Coronavirus outbreak causes a surge in wills

the constant rising death toll has some people getting their final affairs in order
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Image: STOCK PHOTO/Getty Images

Image: STOCK PHOTO/Getty Images

(ABC News) —Earlier this week, Tara Waters made her will.

She’s just 42 years old and the mother of two young children.

But amid the climate of uncertainty surrounding the coronavirus pandemic that is sweeping the nation, she, like people of many ages and walks of life, is grappling with the difficult subject and not taking any chances.

“Obviously with the coronavirus, everyone is kind of susceptible to it,” Waters, a police officer from Weymouth, Massachusetts, told ABC News.

“I feel like in this day and age everyone is kind of thinking about their mortality,” she added. “I think people are seeing for the first time they are very vulnerable everybody is.”

The coronavirus has spread rapidly in the U.S. and led to a skyrocketing demand for wills, even for those who aren’t senior citizens. What once appeared to be a scourge that was primarily affecting the elderly and those with underlying health issues has now been revealed to hospitalize and kill those who are younger, seemingly at an alarming rate.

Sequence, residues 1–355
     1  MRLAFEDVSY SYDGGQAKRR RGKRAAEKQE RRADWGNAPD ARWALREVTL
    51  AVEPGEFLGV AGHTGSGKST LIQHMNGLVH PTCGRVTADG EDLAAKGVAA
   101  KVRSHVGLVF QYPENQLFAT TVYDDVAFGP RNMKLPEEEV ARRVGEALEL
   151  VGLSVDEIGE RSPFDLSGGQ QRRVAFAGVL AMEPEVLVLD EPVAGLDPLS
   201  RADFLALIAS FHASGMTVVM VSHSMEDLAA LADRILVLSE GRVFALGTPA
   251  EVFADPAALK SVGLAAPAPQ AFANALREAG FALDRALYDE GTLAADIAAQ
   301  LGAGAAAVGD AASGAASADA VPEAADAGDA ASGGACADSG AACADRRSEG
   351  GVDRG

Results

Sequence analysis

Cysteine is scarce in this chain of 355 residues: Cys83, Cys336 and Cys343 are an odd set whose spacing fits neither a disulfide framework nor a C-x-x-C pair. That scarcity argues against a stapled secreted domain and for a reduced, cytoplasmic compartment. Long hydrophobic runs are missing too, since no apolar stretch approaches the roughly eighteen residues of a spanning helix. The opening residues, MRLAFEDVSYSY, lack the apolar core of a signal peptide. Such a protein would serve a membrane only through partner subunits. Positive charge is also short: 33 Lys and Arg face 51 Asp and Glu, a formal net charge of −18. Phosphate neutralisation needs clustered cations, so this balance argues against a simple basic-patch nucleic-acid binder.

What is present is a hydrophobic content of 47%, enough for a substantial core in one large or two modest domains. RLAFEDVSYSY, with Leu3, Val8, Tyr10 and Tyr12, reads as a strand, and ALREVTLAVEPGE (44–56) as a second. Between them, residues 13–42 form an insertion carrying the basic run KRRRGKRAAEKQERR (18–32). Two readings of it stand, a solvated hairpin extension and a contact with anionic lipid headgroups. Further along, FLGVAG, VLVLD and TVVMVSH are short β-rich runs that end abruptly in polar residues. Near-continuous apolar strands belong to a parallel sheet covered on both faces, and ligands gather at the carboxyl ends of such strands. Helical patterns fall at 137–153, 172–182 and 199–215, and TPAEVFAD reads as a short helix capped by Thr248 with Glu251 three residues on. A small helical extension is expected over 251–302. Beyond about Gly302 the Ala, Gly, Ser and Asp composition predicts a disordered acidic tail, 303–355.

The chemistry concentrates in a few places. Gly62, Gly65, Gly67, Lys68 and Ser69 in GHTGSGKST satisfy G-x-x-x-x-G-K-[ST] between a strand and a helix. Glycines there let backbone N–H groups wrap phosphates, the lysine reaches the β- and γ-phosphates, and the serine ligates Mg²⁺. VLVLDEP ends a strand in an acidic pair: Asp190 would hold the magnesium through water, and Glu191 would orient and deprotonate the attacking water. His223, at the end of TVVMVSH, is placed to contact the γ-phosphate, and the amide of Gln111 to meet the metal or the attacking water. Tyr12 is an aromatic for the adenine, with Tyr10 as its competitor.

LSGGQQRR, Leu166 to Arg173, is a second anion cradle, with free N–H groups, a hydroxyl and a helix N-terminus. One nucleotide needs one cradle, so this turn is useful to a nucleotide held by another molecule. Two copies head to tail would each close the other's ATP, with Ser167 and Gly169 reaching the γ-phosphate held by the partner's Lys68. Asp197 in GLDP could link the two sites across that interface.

“I’m not loaded, I don’t have a fortune for people to fight over, but I have two small kids,” Waters said. “I definitely want to make sure that if something happens to my husband or I, our wishes are put down in legal form.”

She said in speaking to different police officers and other first responders, “Everyone is saying, I should probably get a will done just in case.”

Renee Fry, the CEO of Gentreo, an online estate-planning platform, told ABC News that they saw a 143% increase week-over-week in people creating wills with them last week, and she predicts it will be an event larger uptick this week, estimating it’s “probably closer 220%.”

Categories: National News